Pilot concussion programme for community-level players

New Zealand Rugby research analyst Danielle Salmon spreads the message about concussion at...
New Zealand Rugby research analyst Danielle Salmon spreads the message about concussion at Kavanagh College yesterday. Photo: Peter McIntosh
Otago is getting in on the ground floor in the battle against concussion in community level rugby.

New Zealand Rugby is running a pilot concussion programme in the region this season.

The programme, which aims to educate community level rugby players, has the support of the Otago Rugby Football Union, the clubs and schools.

New Zealand Rugby research analyst Danielle Salmon is co-ordinating the effort. She said professional players were well looked after these days.

But that same level of protection did not exist at the grassroots level.

The message Salmon and her team are trying to get through is everybody at that level needs to look after each other.

"Particularly with high school players the message that we are really pushing is about looking after your mates," she said.

"In all fairness to coaches and referees and the physios, you can't be in all places at all times and are not going to see everything that is happening.

"We know that your team-mates are probably the best gauge on what is happening and how you are doing.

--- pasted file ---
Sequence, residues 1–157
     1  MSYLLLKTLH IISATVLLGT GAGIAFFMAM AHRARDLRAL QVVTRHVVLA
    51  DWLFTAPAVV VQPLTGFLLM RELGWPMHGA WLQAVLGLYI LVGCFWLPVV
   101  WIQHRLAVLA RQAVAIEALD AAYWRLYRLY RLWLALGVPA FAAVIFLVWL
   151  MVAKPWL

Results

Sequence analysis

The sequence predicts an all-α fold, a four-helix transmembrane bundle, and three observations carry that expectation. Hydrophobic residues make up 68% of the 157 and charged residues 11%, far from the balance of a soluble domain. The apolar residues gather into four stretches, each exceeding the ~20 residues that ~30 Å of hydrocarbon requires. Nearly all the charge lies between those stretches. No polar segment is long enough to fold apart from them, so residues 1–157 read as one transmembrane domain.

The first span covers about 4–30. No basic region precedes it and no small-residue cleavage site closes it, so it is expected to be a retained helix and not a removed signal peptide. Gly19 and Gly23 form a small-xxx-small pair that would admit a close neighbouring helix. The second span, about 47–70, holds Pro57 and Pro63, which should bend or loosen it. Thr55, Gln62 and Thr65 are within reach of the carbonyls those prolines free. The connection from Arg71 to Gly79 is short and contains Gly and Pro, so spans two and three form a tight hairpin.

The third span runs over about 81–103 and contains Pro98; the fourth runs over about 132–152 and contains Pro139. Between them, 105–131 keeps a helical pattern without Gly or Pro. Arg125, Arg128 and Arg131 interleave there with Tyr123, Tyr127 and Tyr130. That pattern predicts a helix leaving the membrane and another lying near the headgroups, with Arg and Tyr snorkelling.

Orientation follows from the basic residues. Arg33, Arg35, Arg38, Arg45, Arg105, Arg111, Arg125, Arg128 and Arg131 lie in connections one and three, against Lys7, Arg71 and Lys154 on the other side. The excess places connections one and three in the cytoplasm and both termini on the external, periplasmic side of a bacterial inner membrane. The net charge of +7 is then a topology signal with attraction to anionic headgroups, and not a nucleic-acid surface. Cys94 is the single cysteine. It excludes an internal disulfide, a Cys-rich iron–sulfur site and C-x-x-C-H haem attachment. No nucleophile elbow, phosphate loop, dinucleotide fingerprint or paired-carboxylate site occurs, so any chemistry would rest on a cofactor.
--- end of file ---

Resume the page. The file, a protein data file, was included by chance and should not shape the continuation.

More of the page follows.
"So we are really trying to empower these kids to say, `Hey, Johnny, you're not right. Let's get you off the field'."

It is not all about education, though. About 700 players have been tested to establish a baseline.

"We've kind of adapted it [what happens at Super Rugby level] for the community setting and have been working with the premier clubs and the high school teams."

The baseline tests start with memory tests to set a cognitive benchmark.

The players are also asked to score themselves out of three for 21 different symptoms.

The baseline provides a reference point to help make a concussion diagnosis.

Salmon and her team have also established an acute care concussion clinic. It is open to community rugby players on Monday nights.

"We've been very lucky. We've had a few GPs who have volunteered and are helping pilot a system which will help GPs produce a standard assessment for concussion diagnoses and medical clearances."

Last year Salmon ran a similar programme for a group of 45 female Otago rugby players aged 13-18, so grassroots rugby players in the region are being well-served by the initiatives.

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